Senate Majority Leader announced that he did not have the 60 votes to pass a climate change bill so the Senate was moving on to other business. This was not new news, but it set off a food fight among the advocates of Waxman-Markey or variations of it to deal with climate change.
The irony was the food fights was mostly an intramural contest on the Democrat side of the aisle.
Environmental groups accused the Obama Administration of not providing enough leadership to get this legislative priority over the finish line. Leading Democrats in the Senate and House accused the Administration of not having a strategy. Democrats in difficult competitive races breathed a sigh of relief. Republicans were also disappointed but for a different reason.
Republicans knew the votes were not there to pass the bill but they relished the prospects of a bruising battle and an ugly defeat for the bill making for a great opportunity to score points and YouTube embarrassing Democrat speeches.
So we dodged a bullet on this one—for now. The bill was doomed by the piling on of bad news including:
- COP15 Meltdown. The Copenhagen conference was supposed to be the global climax of the post Kyoto push for an enforceable treaty to mandate greenhouse gas emissions. Europe waffled, the US waffled, China said ‘no way’—and the African and Latin American nations that thought they had a gravy train of save the rainforest emissions credit scam opportunities were forced to go back to their day jobs.
- Waxman-Markey Over-reach. The bill passed out of the House of Representatives was a thriller setting the stage for a carbon tax regime that only Congress could love. This was better than owning a printing press for greenbacks. It went way beyond greenmail and chilled most of the market about the prospects of a huge tax increase as the economy was beginning to recover.
- ObamaCare Legacy of Mistrust. The process for approving the health care reforms led the business community to doubt that the many side deals they tried to cut to save themselves in any cap and trade bill might evaporate just like the sweetheart deals in ObamaCare seemed inconsequential when stacked up against the sweeping control of the health segment of the economy the legislation ushers in. This is the’ be careful what you wish for’ buyer’s remorse.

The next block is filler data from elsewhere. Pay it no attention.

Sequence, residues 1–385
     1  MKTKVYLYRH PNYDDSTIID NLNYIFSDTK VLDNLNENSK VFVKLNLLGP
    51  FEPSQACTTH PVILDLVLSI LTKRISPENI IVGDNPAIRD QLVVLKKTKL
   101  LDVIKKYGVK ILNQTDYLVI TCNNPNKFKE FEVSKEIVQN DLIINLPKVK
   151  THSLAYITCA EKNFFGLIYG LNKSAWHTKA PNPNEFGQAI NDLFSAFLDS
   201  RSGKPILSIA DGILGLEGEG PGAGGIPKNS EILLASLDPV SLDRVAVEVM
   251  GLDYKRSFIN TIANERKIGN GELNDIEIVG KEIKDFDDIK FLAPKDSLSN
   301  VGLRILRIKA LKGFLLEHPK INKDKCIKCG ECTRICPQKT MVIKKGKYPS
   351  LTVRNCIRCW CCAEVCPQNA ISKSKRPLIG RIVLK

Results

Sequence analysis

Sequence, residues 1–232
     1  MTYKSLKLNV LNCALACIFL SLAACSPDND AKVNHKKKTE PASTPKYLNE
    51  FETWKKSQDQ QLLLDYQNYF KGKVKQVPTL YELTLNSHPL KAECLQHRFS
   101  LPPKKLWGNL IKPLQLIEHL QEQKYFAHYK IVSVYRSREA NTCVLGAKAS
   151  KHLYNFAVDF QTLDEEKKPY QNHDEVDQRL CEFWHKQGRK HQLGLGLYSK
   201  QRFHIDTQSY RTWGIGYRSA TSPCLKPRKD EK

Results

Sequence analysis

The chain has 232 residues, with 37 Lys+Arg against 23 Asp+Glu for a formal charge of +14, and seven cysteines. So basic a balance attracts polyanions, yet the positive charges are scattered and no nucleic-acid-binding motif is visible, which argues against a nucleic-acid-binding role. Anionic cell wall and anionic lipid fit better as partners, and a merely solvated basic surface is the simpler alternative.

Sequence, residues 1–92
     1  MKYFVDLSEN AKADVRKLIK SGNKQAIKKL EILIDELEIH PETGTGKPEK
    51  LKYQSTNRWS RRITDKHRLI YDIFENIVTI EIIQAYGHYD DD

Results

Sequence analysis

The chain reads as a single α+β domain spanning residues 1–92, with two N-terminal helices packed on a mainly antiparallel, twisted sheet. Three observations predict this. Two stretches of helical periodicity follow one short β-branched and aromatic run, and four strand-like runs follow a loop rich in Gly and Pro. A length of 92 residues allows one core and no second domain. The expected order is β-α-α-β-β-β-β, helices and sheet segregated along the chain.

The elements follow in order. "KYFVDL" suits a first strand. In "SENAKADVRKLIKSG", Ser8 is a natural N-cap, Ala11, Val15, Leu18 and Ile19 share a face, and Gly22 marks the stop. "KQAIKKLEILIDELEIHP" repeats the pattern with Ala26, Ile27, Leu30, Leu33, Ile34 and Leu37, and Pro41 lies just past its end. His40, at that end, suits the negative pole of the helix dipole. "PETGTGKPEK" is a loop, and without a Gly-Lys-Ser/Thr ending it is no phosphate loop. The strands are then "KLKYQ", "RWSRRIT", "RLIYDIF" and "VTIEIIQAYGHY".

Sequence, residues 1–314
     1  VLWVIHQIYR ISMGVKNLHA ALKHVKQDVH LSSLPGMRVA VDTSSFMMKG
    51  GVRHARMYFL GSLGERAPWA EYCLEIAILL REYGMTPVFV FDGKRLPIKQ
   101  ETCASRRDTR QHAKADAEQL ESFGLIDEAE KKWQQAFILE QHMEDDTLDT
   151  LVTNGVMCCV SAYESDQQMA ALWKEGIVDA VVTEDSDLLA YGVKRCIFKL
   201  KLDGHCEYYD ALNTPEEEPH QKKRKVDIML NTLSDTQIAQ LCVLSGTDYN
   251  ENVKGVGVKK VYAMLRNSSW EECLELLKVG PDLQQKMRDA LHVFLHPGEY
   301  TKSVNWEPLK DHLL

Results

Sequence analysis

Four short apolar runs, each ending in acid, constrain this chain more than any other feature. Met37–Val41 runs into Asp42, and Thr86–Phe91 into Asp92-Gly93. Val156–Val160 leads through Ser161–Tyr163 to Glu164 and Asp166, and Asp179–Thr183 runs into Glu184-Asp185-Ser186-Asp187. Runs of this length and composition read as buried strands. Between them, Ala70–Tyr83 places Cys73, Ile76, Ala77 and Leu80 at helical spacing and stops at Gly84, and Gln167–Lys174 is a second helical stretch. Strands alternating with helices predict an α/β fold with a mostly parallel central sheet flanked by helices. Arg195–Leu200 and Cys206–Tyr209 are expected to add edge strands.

- High Unemployment Persists. Stubbornly high unemployment and the corporate hoarding of cash in fear of a double dip back into recession sent a chilling effect over the hot air for climate change.
- Climate Gate. The scandal over climate research and the manipulation of science to get the desired political result effectively destroyed the credibility of the global warming/ climate crisis crowd and not even Al Gore tried hard to defend them.
- Al Gore’s Unhappy Ending. It seems the debate in Congress over getting it on for climate change was not the only hot and sweaty shenanigans going on as Al and Tipper split and Al’s wild side got him in trouble. Opps!
I know I should not display such glee over the failure of the climate change legislative prospects, but in this case no bill is better than almost any bill Congress can get 60 votes to pass.
Some utilities were seduced into favoring or at least not objecting to this bill in a search for certainty over regulations. This was always folly and most looked like they were selling out the industry for the sake of tax credits and stimulus support. That most of the original supporters are not giving that speech anymore is a good thing.
A funny thing is happening on the way to a clean energy future. Driven by state renewable energy portfolio standards and billions in Federal stimulus we are seeing real increases in market share for wind and solar power.
Corporate America is focused on cleantech for all the right reasons to reduce costs, improve efficiency and gain more control over their energy, water and facilities costs. The added bonus is bragging rights over which company is the most green. So be it.
The combination of renewable energy costs, emissions reduction efforts by utilities and states, and smart grid expenditures is driving up utility rates—and higher rates will encourage efficiency. It also inoculates politicians fresh from a near death experience this November that raising energy costs by imposing energy taxes is a no-win deal.